REAL FE-FES SPEAK
By Stephane Dunn
Thursday, October 02, 2008.
Perhaps that long time from then is now. In 1973, Ms. Magazine captured the historic significance of Shirley Chisholm’s run for president of the United States. She didn’t win, of course, but she disturbed the notion of the run for presidency as a white male domain.
Last week, the Feminist Majority and NOW (National Organization of Women) along with several other women’s organization announced their strong support of the Obama-Biden ticket. Feminist Majority Political Action Chair Ellie Smeal declared that “women simply cannot afford a President McCain.”
While gender has been in the swirl of public debate and media attention since Hilary Clinton entered the race for the Democratic nomination, the entrance of Sarah Palin into the high voltage political spotlight dramatizes the ways that the nation still fumbles at gender based dialogue.
The sexist overtones in the media attention on Palin’s appearance, gender and family, and the very significant visibility of the two major female candidates of the year-Clinton and Palin - as well as the manipulation of them by supporters have encouraged women to confuse real feminist representation and potential radical change with the visibility of a woman. The recently declared support of the Obama-Biden ticket by the Feminist Majority and NOW should be all over the news given the charges of sexism against Obama and the fact that “gender” like “race” is the hot word of this election year.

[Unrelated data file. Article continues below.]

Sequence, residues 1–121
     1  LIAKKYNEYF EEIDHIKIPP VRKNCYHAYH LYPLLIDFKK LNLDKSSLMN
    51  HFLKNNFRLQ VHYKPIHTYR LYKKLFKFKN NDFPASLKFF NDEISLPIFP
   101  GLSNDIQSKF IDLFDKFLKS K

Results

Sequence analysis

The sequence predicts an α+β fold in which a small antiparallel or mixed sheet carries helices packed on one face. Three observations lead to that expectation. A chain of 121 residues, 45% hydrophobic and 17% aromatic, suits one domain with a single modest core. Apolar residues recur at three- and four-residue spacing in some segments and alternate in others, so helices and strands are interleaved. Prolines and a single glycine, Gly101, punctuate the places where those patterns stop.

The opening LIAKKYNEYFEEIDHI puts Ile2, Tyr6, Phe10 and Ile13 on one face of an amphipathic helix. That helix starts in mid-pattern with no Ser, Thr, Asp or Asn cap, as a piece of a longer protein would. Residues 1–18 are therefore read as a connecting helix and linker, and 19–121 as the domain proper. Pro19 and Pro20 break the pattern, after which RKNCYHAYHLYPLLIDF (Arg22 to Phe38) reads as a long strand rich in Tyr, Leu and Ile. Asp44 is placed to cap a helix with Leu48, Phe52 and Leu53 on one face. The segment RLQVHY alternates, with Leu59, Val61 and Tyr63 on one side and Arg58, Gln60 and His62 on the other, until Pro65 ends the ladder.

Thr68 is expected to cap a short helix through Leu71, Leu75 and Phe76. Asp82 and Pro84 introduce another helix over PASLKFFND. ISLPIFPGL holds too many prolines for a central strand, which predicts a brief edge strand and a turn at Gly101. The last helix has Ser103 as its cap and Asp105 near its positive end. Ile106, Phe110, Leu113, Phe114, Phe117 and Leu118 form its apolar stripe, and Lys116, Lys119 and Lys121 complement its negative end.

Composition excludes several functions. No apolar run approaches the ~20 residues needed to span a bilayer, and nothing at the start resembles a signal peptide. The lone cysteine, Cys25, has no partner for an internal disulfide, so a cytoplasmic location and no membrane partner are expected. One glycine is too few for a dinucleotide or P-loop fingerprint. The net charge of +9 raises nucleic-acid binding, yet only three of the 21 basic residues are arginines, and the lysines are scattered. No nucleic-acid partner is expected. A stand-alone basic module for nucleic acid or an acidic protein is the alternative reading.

Finally, McCain’s and the Republicans’ weak pro-woman’s political empowerment front might finally be addressed as the group voices who have long labored for true radical social change and progress for women have a chance to be more visible in the media’s spotlight.
This has been one of the key problems with the talk about Palin, Clinton, women voters, and gender in general-much of it has taken place without seriously engaging the publications and the host of major organized women’s groups who do the work of unraveling gender in between election years and whether the candidates are male or female.
It might be too completely radical for some folks - women and men - to think that the ticket without an actual female on it might be the most progressive best choice for more women and men just as it might be too much for some to believe that the ticket with the black guy might indeed be the most rationale choice that America can make right now. When Chisholm ran, she knew that the stakes were higher than the actual win because one brave step has to be made for other steps to finally lead from a long time to a now.
With thanks to New Black Man
Dr Stephane Dunn is currently an Assistant Professor in the English Department at Atlanta, Georgia's Morehouse College. She has also taught at Ohio State University. A scholarly and creative writer, she specializes in film, popular culture, literature and African American studies. She is the author of articles and commentaries and the book, Baad Bitches & Sassy Supermamas: Black Power Action Films (University of Illinois Press 2008).
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